By nearly all accounts, things are starting to look up at General Motors. The company has shed dead weight, cut down its debt and slimmed its dealer network in order to be a more healthy business, but those moves have officially knocked The General from the top 10 of Fortune Magazine's fabled 500 list. It's the first time in 101 years GM hasn't been one of the top 10 businesses on the list.
Wal-Mart has been booming since the recession began, and with 2008 sales of $406 billion dollars, the retail giant had its best year ever. That didn't stop Wal-Mart from losing its grip on first place in the Fortune 500, though, as Exxon Mobil smoked all comers with $443 billion in sales last year. Exxon Mobil also topped all companies in profits last year, tallying a cool $45 billion in revenue.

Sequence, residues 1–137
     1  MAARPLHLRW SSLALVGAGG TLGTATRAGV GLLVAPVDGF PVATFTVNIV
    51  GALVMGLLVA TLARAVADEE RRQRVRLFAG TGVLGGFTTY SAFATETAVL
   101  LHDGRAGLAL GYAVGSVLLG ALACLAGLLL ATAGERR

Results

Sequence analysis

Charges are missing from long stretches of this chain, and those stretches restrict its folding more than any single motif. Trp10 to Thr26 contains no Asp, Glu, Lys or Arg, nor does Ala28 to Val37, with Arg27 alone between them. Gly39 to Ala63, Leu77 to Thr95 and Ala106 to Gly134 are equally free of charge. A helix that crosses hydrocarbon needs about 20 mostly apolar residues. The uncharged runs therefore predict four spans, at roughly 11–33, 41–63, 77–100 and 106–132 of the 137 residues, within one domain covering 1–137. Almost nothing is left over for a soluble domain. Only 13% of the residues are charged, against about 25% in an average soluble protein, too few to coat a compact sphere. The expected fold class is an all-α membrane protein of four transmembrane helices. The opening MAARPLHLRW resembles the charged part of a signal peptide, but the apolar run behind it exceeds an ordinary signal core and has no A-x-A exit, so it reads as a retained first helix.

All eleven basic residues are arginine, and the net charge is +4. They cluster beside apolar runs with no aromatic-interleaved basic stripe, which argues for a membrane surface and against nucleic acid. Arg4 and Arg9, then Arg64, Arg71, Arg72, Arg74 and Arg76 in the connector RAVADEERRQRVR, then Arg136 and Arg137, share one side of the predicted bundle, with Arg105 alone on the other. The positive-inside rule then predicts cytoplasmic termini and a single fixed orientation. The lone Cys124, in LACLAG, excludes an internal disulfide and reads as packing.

General Motors has fallen once again on the Fortune 500 list of America's top-grossers. The General had once stood strong atop the rankings, having fallen from the top spot in 2001 at which time Wal-Mart took over. For the last few years, Exxon-Mobil and the big box retailer have battled for the first two positions on the list with GM claiming third place. This year, soaring demands for energy have allowed Chevron to nudge past GM on its way to a third place finish. General Motors, at number fou
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